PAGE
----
Ashley Furniture cited again for on-the-job machine hazards

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OSHA proposes $431K in fines for safety hazards at Whitehall, Wisconsin, facility

WHITEHALL, Wis. -- Ashley Furniture, the nation's largest retailer of home decor, faces $431,000 in proposed federal safety and health fines for failing to protect workers from moving machine parts at its Whitehall upholstery factory. This penalty is in addition to more than $1.8 million in fines issued earlier this year during inspections at other company facilities in Wisconsin.

The U.S. Department of Labor's Occupational Safety and Health Administration issued Ashley Furniture one willful, five repeated and two serious citations on Oct. 19. Ashley faces the $431,000 in penalties as a result of an April 2015 inspection initiated under the Severe Violator Enforcement Program. Company headquarters in Arcadia received similar citations in January 2015 and July 2015.

'Workers risked amputation injuries each time they serviced the machinery,' said Mark Hysell, OSHA's area director in Eau Claire. 'Ashley Furniture failed to implement required safety procedures to protect machine operators until after OSHA opened its inspection. The company must make immediate, enforceable safety improvements at its facilities nationwide.'

The agency determined that the company failed to implement procedures to prevent machines from unintentional start-up when operators changed blades, cleaned machines and cleared jams exposing workers to dangerous machine operating parts. The company failed to have operators use locking devices to prevent unexpected machine movement, a procedure known as lockout/tagout. This violation is among OSHA's most frequently cited and often results in death or permanent disability.

View current citations here*.

The agency cited Ashley Furniture in January 2015 for 38 safety violations. Proposed penalties total $1,766,000. OSHA issued the citations following an investigation that found workers at the Arcadia plant experienced more than 1,000 OSHA recordable work-related injuries in the previous three and one-half years. A recordable injury requires medical treatment beyond first aid, or results in death, lost work hours, restricted work or a job transfer.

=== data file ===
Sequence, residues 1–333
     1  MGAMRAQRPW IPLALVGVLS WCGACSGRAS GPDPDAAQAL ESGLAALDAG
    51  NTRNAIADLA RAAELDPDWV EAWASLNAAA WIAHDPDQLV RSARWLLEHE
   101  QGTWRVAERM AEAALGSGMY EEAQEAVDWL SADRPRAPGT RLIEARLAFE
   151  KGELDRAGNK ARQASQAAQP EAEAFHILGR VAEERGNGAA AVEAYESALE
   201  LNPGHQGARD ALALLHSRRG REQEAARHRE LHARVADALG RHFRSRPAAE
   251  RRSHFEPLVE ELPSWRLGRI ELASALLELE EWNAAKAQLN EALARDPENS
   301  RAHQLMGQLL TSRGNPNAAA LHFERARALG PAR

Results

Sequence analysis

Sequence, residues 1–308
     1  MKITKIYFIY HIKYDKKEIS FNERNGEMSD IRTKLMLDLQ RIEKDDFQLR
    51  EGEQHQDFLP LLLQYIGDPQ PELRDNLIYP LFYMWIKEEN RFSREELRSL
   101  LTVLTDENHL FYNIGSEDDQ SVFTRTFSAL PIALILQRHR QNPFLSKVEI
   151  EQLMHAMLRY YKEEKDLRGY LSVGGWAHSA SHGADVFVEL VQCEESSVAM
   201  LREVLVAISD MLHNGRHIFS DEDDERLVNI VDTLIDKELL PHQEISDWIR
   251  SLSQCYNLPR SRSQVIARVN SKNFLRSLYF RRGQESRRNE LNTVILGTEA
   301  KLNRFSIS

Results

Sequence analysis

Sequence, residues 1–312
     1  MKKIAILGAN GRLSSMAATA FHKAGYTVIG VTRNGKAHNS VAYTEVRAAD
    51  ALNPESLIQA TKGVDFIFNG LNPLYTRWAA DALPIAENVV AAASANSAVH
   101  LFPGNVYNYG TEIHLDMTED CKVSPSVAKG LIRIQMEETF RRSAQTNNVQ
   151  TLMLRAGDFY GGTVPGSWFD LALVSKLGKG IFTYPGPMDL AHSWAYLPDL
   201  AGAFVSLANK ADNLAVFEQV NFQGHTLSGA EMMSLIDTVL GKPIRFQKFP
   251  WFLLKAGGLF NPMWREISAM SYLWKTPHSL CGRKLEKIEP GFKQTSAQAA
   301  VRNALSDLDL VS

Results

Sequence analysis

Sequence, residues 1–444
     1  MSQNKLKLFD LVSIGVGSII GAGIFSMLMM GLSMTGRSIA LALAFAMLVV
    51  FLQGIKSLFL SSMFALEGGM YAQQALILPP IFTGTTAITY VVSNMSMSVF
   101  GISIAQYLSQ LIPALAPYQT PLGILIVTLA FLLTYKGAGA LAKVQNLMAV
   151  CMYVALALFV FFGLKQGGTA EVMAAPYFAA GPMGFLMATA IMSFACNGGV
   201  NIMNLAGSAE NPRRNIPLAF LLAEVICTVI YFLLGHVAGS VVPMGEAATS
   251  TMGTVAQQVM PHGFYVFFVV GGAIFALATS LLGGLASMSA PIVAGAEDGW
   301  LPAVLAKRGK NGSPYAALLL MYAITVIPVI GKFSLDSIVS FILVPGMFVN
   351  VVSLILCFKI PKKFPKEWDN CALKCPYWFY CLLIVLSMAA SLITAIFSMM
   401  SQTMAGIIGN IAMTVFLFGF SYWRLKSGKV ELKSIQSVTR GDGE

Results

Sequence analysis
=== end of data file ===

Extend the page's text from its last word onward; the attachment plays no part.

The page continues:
The agency also proposed penalties of $83,200 in July 2015 as a result of its investigation of a March 11, 2015, amputation injury. OSHA placed the company in the SVEP for failure to address safety hazards. As a result of the SVEP designation, inspections are open at Ashley's facilities in California, Pennsylvania, Mississippi and North Carolina.

Ashley Furniture has contested all citations issued. A hearing before the Occupational Safety and Health Review Commission will be scheduled.

Forbes lists Ashley Furniture as the 117th largest private company in America with $3.85 billion in annual revenue as of October 2014. The worldwide distributor employs nearly 20,000 workers at 30 locations nationwide. The Whitehall plant employs about 475 workers.

The company has 15 business days from receipt of its citations and penalties to comply, request an informal conference with OSHA's area director, or contest the findings before the independent Occupational Safety and Health Review Commission.

To ask questions, obtain compliance assistance, file a complaint, or report amputations, eye loss, workplace hospitalizations, fatalities or situations posing imminent danger to workers, the public should call OSHA's toll-free hotline at 800-321-OSHA (6742) or the Agency's Eau Claire Area Office at 715-832-9019.

Under the Occupational Safety and Health Act of 1970, employers are responsible for providing safe and healthful workplaces for their employees. OSHA's role is to ensure these conditions for America's working men and women by setting and enforcing standards, and providing training, education and assistance. For more information, visit http://www.osha.gov.

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